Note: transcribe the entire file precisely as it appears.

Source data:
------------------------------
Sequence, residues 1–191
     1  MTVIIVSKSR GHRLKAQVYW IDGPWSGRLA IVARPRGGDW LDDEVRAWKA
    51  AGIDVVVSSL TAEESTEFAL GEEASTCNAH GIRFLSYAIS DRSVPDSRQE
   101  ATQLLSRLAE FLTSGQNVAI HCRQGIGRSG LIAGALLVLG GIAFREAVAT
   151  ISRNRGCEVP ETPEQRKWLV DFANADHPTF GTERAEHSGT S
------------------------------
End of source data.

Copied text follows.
Sequence, residues 1–191
     1  MTVIIVSKSR GHRLKAQVYW IDGPWSGRLA IVARPRGGDW LDDEVRAWKA
    51  AGIDVVVSSL TAEESTEFAL GEEASTCNAH GIRFLSYAIS DRSVPDSRQE
   101  ATQLLSRLAE FLTSGQNVAI HCRQGIGRSG LIAGALLVLG GIAFREAVAT
   151  ISRNRGCEVP ETPEQRKWLV DFANADHPTF GTERAEHSGT S